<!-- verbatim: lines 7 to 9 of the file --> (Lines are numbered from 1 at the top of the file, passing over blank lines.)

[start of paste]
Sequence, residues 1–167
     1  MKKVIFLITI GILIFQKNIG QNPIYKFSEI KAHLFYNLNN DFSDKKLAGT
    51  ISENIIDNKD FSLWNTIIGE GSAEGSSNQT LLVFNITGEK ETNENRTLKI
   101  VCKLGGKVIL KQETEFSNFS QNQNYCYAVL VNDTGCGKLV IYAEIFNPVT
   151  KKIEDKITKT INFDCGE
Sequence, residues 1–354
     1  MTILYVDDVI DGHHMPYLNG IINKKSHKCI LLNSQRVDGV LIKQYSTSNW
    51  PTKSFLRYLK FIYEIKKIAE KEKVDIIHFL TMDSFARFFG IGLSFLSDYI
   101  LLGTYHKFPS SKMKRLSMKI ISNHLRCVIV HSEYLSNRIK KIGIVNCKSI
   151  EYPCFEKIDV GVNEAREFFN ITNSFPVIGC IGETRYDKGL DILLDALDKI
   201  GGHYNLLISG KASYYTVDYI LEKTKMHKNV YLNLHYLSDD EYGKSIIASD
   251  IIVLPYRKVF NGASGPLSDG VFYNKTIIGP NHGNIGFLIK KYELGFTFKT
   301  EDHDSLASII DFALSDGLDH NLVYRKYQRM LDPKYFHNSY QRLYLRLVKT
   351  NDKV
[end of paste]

     1  MTILYVDDVI DGHHMPYLNG IINKKSHKCI LLNSQRVDGV LIKQYSTSNW
    51  PTKSFLRYLK FIYEIKKIAE KEKVDIIHFL TMDSFARFFG IGLSFLSDYI
   101  LLGTYHKFPS SKMKRLSMKI ISNHLRCVIV HSEYLSNRIK KIGIVNCKSI